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Acta Theologica

On-line version ISSN 2309-9089

Acta theol. vol.29  suppl.12 Bloemfontein  2009

 

Biblical literacy and transnational Mayan liberation movements

 

 

Roberto Domingo Toledo

Doctorate Candidate in Philosophy, Stony Brook University, Stony Brook, New York, USA. E-mail: rotoledo@gmail.com

 

 


ABSTRACT

The Zapatista and other Mayan movements in Mexico and Guatemala are demanding autonomy and respect for indigenous cultures. Still struggling for land-rights lost during colonialism and now suffering from neo-liberal trade policies, Mayan communities have creatively appropriated Christian doctrine to deal with their suffering. This paper examines the central role of the Bible in the mobilisation of Mayan communities where the majority of members identify themselves as Christian as well as Mayan. Revisiting the period of Yoruba identity formation and the Yoruba anti-slavery struggle in the 1800s will help illuminate the role of Christianity in contemporary liberation movements. In both cases, Christianity primarily impacted marginalised populations suffering the effects of colonialism. The scriptures have helped undermine colonial relationships as well as internal hierarchies within indigenous societies. Specifically, Biblical literacy has led to broader identifications across multiple dialects and has given women and lower classes greater access to religious doctrine.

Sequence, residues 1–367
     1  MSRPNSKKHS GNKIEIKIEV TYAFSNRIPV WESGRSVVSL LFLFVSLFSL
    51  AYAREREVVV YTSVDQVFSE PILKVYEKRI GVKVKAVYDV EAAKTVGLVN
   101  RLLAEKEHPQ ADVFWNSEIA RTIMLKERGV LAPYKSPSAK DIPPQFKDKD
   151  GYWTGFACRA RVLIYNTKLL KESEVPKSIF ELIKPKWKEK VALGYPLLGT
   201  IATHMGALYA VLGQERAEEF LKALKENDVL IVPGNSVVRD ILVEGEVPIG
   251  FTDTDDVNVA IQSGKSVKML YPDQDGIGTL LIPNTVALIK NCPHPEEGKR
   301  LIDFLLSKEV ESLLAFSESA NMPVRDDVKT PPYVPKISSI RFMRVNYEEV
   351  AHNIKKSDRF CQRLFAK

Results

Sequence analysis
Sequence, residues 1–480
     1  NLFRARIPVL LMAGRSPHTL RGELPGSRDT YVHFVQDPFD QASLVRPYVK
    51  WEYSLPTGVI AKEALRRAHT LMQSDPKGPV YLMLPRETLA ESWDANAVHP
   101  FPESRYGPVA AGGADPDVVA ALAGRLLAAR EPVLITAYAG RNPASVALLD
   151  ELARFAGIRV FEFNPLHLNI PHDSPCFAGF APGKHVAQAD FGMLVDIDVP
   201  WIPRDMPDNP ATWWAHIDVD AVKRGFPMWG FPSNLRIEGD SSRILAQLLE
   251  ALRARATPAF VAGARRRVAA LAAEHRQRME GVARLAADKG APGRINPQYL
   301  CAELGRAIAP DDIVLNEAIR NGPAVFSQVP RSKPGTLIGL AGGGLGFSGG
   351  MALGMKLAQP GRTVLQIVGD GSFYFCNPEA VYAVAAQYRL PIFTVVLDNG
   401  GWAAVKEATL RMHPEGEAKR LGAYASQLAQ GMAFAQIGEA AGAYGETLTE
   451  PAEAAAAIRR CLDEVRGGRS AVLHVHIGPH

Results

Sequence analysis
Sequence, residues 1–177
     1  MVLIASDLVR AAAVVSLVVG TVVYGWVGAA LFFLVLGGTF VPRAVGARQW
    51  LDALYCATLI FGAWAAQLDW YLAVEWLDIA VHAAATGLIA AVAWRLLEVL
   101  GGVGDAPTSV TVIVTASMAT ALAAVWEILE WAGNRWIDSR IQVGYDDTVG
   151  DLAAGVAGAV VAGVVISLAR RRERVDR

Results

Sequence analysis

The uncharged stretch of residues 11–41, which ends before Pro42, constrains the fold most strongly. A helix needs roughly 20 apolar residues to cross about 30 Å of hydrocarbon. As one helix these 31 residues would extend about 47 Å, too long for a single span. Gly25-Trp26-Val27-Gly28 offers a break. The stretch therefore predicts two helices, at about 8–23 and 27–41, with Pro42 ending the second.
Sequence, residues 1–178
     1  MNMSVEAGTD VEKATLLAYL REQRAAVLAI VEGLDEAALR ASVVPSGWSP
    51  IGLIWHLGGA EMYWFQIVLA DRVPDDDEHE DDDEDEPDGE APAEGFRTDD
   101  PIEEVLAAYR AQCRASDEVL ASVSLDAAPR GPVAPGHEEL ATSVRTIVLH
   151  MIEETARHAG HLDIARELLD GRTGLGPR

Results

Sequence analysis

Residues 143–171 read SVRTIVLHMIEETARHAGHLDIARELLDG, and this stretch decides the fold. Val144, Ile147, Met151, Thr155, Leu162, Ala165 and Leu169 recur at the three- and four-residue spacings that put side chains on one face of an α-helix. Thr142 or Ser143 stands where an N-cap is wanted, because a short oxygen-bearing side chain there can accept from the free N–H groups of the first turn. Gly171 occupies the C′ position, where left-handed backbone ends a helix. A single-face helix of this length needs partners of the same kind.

Keywords: Bible, Translation, Indigenous, Latin America


Trefwoorde: Bybel, Vertaling, Inheems, Latyns-Amerika


 

 

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